So here is an answer for you, CSIRO Sustainable Ecosystems did a study of our private native forest management (where we harvested for a commercial firewood business) and concluded that…

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    4. Michael Shand

      Software Tester

      In reply to Murray Webster

      Hi Murray Webster,

      The idea that we can have productive useful and Sustainable land is obvious and I diffenitely agree with you that we can still get production from the land in terms of wood and crops and at the same time provide natural habbitat for plants and animals....its the most obvious thing in the world.

      "a process that started with observations and questions" - Yes, obviously, I cant imagine any other way of arriving at the truth or gaining understanding on a subject.

    5. Michael Shand

      Software Tester

      In reply to Peter Davies

      You seem to be addresing points I never made....hence I mostly agree with what you wrote.

      The only difference I would like to make is that foresty management and sustainable forest management are different things. You seem to equate all forestry companies who are logging native woods as being conservative and sustainable practices....this isnt really true is it?

      Your response seems to be focused on name calling more than anything else

      you used the word ignorance 5 times, you also made a…

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    6. Murray Webster

      Forestry-Ecology Consultant/Contractor

      In reply to Michael Shand

      A main thrust of environmental activist organisations is the complete banning of all logging in native forests. This is apparently supported by inner-city electorates in Sydney and Melbourne. The federal government is ready to spend a quarter of a billion dollars on removing logging from more Tasmania native forest, despite the fact that more than half the state is already reserved. I also know people who have built steel-framed houses instead of timber in order to save forests.

      Though you and I know that timber harvesting can be sustainable, - even beneficial to ecosystems if done properly - it seems that a lot of Australians do not agree or have not thought about it.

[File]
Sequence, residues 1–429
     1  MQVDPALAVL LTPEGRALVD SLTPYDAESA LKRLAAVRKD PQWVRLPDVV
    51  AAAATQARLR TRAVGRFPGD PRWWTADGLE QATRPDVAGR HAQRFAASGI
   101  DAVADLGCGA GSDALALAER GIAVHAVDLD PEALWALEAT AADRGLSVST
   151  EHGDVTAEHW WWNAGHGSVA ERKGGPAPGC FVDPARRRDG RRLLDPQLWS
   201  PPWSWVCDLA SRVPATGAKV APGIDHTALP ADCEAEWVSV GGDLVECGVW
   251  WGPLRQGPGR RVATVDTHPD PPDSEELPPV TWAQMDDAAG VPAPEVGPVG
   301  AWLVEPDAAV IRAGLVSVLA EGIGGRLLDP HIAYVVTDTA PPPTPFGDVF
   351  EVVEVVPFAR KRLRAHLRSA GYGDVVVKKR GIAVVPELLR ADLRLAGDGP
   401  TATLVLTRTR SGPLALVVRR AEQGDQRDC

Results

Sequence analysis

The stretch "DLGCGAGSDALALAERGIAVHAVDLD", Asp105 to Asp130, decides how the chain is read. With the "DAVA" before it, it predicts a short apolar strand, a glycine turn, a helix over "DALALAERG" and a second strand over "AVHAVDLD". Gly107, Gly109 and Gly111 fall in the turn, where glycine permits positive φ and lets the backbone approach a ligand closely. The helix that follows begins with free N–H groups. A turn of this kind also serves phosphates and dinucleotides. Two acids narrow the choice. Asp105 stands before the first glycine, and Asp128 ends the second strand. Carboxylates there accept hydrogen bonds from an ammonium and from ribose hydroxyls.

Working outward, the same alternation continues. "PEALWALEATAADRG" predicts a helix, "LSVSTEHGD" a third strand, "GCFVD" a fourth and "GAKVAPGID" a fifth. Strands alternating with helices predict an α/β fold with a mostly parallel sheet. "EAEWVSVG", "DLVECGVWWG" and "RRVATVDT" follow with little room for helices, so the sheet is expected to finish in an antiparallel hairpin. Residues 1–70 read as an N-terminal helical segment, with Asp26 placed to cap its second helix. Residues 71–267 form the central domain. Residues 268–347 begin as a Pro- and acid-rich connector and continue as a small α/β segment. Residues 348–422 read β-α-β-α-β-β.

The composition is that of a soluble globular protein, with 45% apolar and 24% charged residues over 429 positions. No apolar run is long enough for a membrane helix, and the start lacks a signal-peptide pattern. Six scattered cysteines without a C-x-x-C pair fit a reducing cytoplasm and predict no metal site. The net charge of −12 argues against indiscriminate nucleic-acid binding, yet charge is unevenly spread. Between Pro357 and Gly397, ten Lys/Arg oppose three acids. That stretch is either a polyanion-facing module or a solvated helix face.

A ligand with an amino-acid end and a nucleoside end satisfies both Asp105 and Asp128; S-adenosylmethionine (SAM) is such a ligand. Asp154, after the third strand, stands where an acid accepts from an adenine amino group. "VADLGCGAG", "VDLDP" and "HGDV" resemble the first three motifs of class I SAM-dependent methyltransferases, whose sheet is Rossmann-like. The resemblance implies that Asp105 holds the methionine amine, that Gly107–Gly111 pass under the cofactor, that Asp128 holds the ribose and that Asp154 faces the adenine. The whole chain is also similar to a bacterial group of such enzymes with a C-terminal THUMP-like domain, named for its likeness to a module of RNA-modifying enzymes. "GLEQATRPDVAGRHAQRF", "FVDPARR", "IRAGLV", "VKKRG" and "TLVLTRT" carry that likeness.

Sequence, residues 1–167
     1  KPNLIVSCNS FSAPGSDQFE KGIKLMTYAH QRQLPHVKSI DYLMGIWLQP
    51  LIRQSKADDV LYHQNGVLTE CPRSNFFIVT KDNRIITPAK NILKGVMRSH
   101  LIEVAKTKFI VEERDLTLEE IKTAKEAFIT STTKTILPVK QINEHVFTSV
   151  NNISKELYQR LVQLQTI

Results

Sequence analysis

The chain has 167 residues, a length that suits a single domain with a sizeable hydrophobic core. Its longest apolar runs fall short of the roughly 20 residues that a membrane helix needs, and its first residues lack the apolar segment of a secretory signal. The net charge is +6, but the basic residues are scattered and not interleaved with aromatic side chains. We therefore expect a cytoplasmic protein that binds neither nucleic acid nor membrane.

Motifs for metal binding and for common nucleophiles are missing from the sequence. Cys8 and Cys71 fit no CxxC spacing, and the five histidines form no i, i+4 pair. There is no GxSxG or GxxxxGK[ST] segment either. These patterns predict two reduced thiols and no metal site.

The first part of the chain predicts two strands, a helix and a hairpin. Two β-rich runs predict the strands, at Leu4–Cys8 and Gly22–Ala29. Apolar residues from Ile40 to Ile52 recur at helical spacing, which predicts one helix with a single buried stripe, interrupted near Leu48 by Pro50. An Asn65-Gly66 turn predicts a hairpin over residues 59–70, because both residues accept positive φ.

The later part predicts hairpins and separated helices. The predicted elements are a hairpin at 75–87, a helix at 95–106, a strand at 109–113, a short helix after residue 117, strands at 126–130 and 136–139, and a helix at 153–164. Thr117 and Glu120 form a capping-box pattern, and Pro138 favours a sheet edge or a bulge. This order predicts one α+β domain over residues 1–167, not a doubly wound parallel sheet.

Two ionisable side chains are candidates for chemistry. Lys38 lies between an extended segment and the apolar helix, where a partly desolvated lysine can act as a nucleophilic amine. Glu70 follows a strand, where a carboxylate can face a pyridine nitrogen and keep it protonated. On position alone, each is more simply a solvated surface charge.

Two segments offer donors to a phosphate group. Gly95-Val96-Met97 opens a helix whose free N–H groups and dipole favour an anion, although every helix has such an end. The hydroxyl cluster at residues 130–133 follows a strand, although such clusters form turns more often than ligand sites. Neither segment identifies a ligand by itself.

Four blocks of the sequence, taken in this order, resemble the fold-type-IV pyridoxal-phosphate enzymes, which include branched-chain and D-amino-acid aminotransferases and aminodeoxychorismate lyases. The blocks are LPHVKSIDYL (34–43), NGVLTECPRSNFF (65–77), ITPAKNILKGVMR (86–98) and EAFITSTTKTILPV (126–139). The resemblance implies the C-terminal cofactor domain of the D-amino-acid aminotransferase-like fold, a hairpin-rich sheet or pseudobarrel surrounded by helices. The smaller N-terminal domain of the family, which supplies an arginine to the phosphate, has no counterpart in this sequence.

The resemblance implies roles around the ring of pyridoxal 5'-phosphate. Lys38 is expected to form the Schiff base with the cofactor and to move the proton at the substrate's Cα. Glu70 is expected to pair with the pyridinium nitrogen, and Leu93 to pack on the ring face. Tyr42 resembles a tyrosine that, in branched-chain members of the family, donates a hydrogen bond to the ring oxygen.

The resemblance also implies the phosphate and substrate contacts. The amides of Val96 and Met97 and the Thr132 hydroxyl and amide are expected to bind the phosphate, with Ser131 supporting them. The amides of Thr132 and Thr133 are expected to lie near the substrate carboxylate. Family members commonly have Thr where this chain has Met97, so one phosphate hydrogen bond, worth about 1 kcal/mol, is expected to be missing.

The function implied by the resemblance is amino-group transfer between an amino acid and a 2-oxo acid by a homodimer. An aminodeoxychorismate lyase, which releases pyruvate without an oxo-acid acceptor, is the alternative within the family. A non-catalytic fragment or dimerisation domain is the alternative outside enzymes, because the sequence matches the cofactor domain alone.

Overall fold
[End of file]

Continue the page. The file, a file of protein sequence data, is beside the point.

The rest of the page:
2. Comment removed by moderator.

  3. John Holmes

    Agronomist - semi retired consultant

    Ah the Billion Tree Project!. We knew it all, with no monies to validate what we knew by definition. On making a comment in the office that perhaps it might be useful to put up project re screening herbicides so that we could spray strips along roadsides etc to allow for natural regeneration of what was left of the native vegetation. This was to remove the dominant annual introduced weeds - grasses,and wild radish etc to allow seeding of any native plants to establish and flourish. We did…

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    1. Murray Webster

      Forestry-Ecology Consultant/Contractor

      In reply to John Holmes

      I think the early farmers had huge problems combatting eucalypt regrowth to maintain pasture and cropping. I'd have to ask my 87 yr old farmer uncle what his father did out in the central west of NSW...

    2. John Holmes

      Agronomist - semi retired consultant

      In reply to Murray Webster

      Thanks. Having grown up on a new land block in WA, I served my apprenticeship at picking mallee roots, pulling poison, and sucker bashing and fixing punctured tractor tires. One became quite proficient using fire from the individual little fire to kill on sucker to the big clearing burns in February. When are we clearing the next 200 acres? - now we need approvals, then if you did not clear, may lose block.

    3. Roger Crook

      Retired agribusiness manager & farmer

      In reply to Murray Webster

      It was called 'sucker bashing'. Got to be careful where you use those words these days. As John has written above, when you next ploughed, up came another crop of Mallee roots, which had to be picked. And so it went on...and on...and on